An interesting thing happened on my recent 5-hour United Airlines flight. No, the internet didn’t work flawlessly, though that is the subject matter. I did what I normally do when I board an early morning flight. I took a quick nap and then pulled my laptop out to start working.
What happened next has happened dozens of times just in 2019, let alone years past. The internet wasn’t functioning. Now, I said this was an interesting story. Since I’ve talked about how poorly the Wi-Fi works each month this year (in January, February, March, April, May, June, July and August) that’s nothing new.
I asked the flight attendant if the Wi-Fi wasn’t functioning. She said they were having some problems. She then asked the guy sitting in 1B if he was able to get connected. I couldn’t hear the answer, but it was clear it wasn’t a pleasant one.
The flight attendant came back a while later to tell me they would be refunding everyone their money for Wi-Fi purchases today. I asked her about those of us with subscriptions like me. She replied that she had no idea.
A few minutes later, I felt a tap on my shoulder. It was a man sitting in 3D. He asked me if I was able to connect to the internet. I told him I wasn’t, and what the flight attendant shared with me. We shared our frustration about our lack of productivity. He finished the conversation with “It shouldn’t be this hard.”
He’s right, but he’s far from the only one who thinks this way, at least on this flight. The gentleman in 2A overheard our conversation and noted that he doesn’t even bother buying Wi-Fi on United flights anymore. I guess you could argue that helps solve United’s problem of dealing with complaints.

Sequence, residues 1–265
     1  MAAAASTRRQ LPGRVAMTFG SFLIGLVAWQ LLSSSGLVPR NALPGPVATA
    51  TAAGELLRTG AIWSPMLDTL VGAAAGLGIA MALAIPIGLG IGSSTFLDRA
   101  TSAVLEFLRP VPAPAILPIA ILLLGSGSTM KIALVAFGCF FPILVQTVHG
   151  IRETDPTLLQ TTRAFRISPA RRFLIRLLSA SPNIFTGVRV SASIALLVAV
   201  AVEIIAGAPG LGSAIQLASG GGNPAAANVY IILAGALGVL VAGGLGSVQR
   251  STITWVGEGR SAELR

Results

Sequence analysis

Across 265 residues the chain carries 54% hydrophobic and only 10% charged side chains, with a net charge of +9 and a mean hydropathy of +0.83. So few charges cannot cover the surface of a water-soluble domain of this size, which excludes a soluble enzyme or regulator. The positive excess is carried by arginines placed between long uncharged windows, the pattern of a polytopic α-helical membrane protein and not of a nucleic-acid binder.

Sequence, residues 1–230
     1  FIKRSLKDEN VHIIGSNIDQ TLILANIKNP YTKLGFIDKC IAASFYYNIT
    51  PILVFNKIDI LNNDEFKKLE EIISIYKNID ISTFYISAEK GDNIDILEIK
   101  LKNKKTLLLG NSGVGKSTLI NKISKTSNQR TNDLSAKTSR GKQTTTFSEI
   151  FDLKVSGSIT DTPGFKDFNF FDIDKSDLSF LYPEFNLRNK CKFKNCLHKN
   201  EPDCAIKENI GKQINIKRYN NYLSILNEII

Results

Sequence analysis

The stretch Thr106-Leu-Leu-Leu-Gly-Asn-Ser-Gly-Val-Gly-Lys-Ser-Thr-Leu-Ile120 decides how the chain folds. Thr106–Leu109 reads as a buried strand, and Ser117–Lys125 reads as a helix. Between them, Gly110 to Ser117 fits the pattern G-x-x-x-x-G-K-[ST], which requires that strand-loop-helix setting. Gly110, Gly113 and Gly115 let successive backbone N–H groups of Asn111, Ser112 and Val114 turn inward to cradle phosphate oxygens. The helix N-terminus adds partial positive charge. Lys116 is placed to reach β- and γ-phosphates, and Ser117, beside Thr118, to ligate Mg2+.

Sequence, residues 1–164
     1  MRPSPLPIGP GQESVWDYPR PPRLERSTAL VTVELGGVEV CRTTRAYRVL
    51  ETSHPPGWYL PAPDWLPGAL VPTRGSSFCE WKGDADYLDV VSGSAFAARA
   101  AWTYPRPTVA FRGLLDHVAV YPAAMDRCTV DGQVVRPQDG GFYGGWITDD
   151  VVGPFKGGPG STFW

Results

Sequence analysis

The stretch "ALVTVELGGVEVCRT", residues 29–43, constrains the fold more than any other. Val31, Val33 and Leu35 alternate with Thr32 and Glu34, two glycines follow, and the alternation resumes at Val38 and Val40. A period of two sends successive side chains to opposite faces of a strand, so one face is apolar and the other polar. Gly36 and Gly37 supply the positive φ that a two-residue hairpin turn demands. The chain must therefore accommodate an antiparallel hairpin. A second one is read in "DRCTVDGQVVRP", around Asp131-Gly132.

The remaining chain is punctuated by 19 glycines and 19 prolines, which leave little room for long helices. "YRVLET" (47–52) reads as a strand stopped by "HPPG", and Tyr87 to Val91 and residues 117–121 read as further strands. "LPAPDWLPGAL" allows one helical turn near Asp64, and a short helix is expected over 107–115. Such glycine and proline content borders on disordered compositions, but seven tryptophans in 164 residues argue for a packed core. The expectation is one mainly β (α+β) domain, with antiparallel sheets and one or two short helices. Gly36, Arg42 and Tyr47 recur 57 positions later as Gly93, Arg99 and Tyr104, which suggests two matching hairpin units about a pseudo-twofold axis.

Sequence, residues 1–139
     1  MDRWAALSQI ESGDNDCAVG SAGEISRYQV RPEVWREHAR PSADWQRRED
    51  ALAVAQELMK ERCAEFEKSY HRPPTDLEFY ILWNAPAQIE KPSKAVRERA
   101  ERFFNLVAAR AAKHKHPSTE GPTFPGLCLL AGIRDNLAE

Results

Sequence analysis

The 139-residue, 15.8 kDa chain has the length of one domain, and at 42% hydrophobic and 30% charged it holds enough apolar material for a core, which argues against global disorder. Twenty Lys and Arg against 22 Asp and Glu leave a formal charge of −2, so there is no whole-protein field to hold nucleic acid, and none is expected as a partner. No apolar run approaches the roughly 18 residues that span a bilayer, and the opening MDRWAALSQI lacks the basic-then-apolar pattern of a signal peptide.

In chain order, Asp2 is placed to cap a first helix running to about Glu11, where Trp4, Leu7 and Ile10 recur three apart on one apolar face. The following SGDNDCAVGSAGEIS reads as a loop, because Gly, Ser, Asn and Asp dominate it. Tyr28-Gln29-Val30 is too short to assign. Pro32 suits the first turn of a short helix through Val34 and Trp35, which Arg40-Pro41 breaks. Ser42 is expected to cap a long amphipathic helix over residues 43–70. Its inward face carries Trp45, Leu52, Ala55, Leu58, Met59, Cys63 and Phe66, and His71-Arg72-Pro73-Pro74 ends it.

Without soliciting any feedback from a single passenger, I watched 3 passengers complain in a matter of minutes. Add me to the mix, and that’s 20% of the first class cabin on this flight. I’m pretty sure 1C was annoyed as well, but didn’t join in our discussion. I have to imagine that those upset passengers represent a pretty solid amount of revenue United hopes to retain.
The Final Two Pennies
It’s time to listen to your customers, United Airlines. I’m not the only one chirping about this consistent issue. It takes time to upgrade poorly functioning equipment. But, it’s been years. I appreciate that you improved our upgrades. The small gesture didn’t go unnoticed. However, it can’t make up for the lack of productivity. After all, I’m a business traveler. I expect to be able to conduct business when I travel. Apparently, so do my fellow passengers.
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